Supporting Acute Advance Care Planning with Precise, Timely Mortality Risk Predictions

Erwin Wang
Vincent J. Major
Nicole Adler
Kevin Hauck
Jonathan Austrian
Yindalon Aphinyanaphongs
Leora I. Horwitz
Peer-Reviewed Article
March 2021


Implementing a predictive model in acute settings can more reliably identify patients with high mortality risk, which can assist providers in prioritizing advance care planning (ACP).


ACP can support patients with serious illness in better establishing goals for care and lead to earlier hospice referrals with fewer in-hospital deaths. Providing earlier palliative care can improve quality of life, mood, and even survival for patients near the end of life. It is difficult, however, to identify and prioritize patients at the greatest risk of mortality. This case example from NYU Langone Health describes the health system’s experience in creating and using a risk prediction tool with artificial intelligence (AI) to identify patients at high risk of dying within two months of hospital admission and improve their ACP efforts.


NYU Langone Health used a three-year retrospective cohort of nearly 129,000 adult hospitalizations to create their predictive model that identifies patients at high risk of mortality within two months. Once the model was proven to be sufficiently accurate in predicting near-term mortality or referral to hospice, it was integrated into the health system’s electronic health record. The system computes risk scores in real time for new patient admissions and alerts the attending physician and care team of potential high-risk end-of-life patients who would benefit from ACP conversations.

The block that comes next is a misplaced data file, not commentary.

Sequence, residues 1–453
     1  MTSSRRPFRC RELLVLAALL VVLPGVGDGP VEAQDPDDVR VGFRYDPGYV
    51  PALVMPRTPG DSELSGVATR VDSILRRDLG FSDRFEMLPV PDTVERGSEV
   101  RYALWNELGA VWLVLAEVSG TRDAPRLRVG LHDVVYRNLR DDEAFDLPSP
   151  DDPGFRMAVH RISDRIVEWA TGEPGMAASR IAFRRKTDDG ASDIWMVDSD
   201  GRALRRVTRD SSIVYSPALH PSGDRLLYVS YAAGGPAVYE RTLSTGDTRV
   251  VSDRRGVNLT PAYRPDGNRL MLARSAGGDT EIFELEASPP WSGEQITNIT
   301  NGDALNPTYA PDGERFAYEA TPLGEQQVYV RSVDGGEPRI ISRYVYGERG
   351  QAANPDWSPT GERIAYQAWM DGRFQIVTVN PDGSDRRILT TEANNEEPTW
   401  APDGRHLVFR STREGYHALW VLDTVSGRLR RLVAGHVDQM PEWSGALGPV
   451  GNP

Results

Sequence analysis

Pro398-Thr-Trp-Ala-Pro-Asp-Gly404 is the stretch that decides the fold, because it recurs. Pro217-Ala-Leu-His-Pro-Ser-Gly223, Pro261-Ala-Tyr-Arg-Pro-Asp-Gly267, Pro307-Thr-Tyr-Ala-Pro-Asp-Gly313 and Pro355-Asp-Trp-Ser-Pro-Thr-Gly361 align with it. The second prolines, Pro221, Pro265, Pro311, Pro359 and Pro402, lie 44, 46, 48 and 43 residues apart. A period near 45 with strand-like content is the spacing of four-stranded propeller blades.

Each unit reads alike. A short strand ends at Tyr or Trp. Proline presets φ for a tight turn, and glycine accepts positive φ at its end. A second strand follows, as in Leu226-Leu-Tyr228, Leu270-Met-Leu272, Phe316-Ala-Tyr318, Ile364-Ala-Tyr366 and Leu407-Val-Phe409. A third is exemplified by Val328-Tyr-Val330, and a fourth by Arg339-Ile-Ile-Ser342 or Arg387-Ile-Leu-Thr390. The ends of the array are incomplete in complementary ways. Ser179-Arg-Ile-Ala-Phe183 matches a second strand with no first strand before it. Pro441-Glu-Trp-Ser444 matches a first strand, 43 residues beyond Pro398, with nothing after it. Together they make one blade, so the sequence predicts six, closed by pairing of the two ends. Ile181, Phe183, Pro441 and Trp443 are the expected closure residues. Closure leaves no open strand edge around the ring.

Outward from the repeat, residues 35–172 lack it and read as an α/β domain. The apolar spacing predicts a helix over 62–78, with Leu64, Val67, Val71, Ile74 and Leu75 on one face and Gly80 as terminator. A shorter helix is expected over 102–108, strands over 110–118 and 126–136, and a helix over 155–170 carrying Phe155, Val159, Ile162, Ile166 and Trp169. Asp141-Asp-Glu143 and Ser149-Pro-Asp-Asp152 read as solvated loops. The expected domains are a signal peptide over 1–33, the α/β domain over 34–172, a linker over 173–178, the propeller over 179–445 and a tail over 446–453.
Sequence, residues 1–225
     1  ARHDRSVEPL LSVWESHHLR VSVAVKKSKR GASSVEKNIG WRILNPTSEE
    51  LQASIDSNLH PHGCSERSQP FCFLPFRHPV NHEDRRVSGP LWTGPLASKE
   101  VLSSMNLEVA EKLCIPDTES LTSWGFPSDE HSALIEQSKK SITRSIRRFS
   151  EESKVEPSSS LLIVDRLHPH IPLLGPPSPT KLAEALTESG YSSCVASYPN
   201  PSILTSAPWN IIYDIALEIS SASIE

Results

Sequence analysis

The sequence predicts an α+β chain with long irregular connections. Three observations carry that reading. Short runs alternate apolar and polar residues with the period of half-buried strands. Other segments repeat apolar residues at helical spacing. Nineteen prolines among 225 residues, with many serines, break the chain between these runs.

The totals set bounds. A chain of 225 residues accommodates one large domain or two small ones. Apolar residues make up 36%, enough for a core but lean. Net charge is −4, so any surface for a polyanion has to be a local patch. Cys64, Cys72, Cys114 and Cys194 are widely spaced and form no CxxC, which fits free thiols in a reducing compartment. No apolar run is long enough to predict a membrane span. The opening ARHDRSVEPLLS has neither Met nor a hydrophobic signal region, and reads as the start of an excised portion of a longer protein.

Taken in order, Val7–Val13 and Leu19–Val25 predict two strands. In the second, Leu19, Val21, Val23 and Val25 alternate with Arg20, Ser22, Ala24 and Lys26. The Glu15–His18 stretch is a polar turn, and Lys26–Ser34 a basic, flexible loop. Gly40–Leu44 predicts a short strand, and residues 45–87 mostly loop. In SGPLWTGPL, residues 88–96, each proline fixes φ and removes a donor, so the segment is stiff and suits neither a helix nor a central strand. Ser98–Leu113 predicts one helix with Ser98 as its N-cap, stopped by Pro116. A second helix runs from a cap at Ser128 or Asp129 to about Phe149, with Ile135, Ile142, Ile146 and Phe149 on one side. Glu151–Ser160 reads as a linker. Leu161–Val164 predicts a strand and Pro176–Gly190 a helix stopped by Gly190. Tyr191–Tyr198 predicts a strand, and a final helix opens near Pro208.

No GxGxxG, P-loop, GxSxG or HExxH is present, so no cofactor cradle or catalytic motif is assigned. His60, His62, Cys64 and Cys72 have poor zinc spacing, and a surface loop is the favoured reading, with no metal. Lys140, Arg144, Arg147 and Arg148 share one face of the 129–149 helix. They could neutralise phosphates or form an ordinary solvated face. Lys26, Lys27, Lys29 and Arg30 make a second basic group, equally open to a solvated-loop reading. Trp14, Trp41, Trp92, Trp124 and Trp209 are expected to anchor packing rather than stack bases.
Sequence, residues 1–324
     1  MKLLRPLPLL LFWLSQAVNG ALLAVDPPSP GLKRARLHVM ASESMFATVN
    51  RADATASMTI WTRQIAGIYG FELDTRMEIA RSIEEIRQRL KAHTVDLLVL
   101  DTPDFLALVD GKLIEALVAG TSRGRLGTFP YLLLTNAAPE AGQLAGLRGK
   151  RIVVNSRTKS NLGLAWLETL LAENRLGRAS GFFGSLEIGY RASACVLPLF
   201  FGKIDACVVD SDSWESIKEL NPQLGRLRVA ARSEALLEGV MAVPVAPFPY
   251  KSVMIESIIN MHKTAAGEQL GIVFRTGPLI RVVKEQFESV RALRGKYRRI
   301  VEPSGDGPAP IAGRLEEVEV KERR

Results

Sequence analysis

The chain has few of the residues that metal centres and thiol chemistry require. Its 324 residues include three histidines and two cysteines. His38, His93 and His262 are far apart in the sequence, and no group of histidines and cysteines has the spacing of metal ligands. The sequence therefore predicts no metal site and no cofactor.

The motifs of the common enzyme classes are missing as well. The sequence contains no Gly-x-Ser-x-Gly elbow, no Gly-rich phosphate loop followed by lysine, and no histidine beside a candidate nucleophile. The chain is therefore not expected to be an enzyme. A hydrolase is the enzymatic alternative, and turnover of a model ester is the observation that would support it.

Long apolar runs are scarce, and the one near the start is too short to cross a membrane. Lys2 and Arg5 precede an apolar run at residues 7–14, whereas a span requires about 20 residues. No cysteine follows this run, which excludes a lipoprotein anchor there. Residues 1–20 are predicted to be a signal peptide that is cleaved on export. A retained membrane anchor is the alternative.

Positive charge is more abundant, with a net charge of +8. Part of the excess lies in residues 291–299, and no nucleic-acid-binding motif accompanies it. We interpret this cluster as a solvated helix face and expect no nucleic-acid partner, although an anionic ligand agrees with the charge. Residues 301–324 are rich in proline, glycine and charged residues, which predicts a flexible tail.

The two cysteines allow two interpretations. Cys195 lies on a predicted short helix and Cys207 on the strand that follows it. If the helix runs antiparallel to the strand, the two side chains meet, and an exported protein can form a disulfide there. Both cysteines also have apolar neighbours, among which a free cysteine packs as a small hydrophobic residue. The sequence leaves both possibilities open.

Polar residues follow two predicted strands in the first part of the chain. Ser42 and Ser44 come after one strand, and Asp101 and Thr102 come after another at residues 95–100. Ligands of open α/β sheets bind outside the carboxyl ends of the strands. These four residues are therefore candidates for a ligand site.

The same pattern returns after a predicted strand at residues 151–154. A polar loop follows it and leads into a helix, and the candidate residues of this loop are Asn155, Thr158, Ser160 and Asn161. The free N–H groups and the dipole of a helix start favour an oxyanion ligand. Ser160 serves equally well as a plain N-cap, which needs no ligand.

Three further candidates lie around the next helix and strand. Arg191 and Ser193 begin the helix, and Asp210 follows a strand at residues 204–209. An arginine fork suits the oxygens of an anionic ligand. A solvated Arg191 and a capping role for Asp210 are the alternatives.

Overall, about 71 percent of physicians agreed with the system’s assessment of mortality risk, with 65 percent of admissions having at least one ACP note documented. On the cases with disagreement, patients usually had better outcomes.


Using an AI-enabled system alert to predict two-month mortality can identify individuals at higher risk of death and support providers in appropriately prioritizing ACP conversations.

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